The Ahmedabad Heritage Walk takes you on a walking tour of the old walled city (from this wall only the nine Darwaaja, or gates, remain standing), teaching you about customs, construction techniques, architecture styles that mingle but don’t clash, taking you (respectfully) inside the private lives in the pols.
Some notes before we start
Be at the starting point a little before 8.00 am – they are very keen on punctuality. The tour fee is one hundred Indian rupees for foreigners (fifty rupees for Indian nationals), which is fair enough (even for Indian standards). Unfortunately (or so it seemed) they don’t set a maximum limit for the group (ours was about twenty people) which makes it hard to navigate through the narrow lanes (especially when you have to dodge passing bikes and at the same time carefully avoid cow droppings…).
This walking tour will take you around some temples (Hindu, Jain, and Muslim) therefore respect the dress code (no clothes above knee length for both women and men and women should cover their head and shoulders if requested, that in our case was not — for the women I suggest “go local” when it comes to dressing; it is common for women to wear a kurta over leggings, and I can state from my own experience that it is great and comfortable in this weather). Also respect the local’s faith and religion: when the tour takes place (from 8.00 to 10.30 in the morning) it is prayer time for most of the people — step aside to give them space to enter the temple, respect their silence, ask yourself if you really need a great shot over experiencing someone’s culture and beliefs. I always feel it is a time where people are vulnerable and I feel awkward interrupting their prayers just for the sake of admiring a temple’s architecture on my own time (whatever the religion); usually, I step aside and observe from a distance.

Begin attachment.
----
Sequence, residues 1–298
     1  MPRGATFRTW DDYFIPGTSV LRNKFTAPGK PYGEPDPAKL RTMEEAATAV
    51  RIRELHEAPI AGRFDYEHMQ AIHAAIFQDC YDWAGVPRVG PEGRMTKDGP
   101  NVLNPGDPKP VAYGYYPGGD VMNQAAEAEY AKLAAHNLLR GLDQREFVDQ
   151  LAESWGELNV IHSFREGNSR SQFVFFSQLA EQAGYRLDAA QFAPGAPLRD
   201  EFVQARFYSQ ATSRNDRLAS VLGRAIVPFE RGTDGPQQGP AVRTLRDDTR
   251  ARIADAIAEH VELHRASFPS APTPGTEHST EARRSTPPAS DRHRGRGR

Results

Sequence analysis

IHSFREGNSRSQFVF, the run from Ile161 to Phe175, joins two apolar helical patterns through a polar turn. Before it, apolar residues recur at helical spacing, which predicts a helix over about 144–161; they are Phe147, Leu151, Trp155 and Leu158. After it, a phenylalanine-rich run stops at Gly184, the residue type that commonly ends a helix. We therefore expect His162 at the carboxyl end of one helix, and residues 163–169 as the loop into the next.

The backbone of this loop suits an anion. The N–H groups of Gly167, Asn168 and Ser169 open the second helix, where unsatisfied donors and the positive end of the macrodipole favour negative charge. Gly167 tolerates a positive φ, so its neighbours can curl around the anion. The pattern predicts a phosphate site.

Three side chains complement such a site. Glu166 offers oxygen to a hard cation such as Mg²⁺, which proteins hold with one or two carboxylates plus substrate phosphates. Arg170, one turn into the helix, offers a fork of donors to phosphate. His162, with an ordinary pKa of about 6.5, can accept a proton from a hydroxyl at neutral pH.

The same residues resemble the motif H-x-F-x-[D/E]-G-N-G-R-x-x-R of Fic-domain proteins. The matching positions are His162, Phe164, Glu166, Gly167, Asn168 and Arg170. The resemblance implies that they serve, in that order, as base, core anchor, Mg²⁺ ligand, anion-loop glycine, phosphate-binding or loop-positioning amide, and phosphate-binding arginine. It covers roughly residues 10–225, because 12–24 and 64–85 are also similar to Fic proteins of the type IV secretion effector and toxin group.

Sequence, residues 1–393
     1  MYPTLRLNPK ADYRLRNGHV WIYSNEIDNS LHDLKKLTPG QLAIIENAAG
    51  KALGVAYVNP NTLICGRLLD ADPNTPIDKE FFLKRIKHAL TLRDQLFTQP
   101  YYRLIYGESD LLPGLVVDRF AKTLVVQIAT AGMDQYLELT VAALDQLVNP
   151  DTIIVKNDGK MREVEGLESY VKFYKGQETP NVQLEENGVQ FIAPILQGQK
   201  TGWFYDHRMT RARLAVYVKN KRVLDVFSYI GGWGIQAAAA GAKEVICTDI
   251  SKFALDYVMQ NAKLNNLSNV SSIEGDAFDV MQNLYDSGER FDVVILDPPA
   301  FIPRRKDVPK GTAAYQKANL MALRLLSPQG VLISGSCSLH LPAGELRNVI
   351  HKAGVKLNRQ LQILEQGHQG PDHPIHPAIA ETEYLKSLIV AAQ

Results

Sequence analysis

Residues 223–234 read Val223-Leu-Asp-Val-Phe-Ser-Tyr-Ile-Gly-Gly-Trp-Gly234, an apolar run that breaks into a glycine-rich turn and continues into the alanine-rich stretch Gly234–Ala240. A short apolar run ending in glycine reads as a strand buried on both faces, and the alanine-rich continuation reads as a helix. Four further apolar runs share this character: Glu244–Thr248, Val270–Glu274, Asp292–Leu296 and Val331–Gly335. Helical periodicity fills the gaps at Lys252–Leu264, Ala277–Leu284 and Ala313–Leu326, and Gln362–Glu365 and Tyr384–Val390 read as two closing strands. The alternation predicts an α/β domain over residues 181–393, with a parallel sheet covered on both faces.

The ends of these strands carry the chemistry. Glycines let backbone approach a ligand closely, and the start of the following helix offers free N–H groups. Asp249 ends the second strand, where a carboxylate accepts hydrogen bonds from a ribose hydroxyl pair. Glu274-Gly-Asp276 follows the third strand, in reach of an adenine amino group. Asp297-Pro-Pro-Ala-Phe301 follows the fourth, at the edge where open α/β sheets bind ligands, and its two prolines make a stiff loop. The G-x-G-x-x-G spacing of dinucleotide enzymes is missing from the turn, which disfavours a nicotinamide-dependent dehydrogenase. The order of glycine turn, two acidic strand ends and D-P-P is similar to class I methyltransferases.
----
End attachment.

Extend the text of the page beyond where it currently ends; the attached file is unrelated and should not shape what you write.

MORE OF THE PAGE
The Old City is Organised in Pols
A pol is a term derived from the Sanskrit word Pratoli which means gate or entry and it is also used to name these micro-neighborhoods in the old city of Ahmedabad. The housing clusters are formed by families that share the same caste, religion or profession.
The only street is narrow and leads to houses built closely together, always around a common open space, called chowk, or square. Sometimes these squares will have a bird feeder (chabutro in Gujarati) in the center, where birds nest and are fed by the residents (parrots and pigeons mostly, but occasionally an Indian palm squirrel will also try to make a run for the seeds). In fact, as you will see while walking around, these bird feeders are very common in this part of the city and are built in different heights.
Although private and secluded (usually the pol will be gated), secret passages were built between them to make escaping easier and faster if the time came — when the door to these secret passages is closed, no one can tell it apart from any back entry to someone’s house, therefore, no one dares to open it and intrude.
At Lambeshwar ni pol you find the bronze statue of the poet Dalpatram in the chowk outside what used to be his house — this square is called Kavi Dalpatram Chowk. Born in the nineteenth century, the poet and Sanskrit scholar became famous for promoting the Gujarati language.
In the pol of Doshivada, one common area with four architectural styles: British Colonial (with its exposed brick), Persian (with its carved wood brackets depicting grapes and vines), Mughal (mixing Islamic, Persian and Indian architecture and even some European details judging by the images of angels decorating the brackets) and Muratha (with its distinctive decoration of a man with a black mustache wearing a turban, just above the door). Apart from its beauty, these buildings are a testament to this city’s cultural diversity.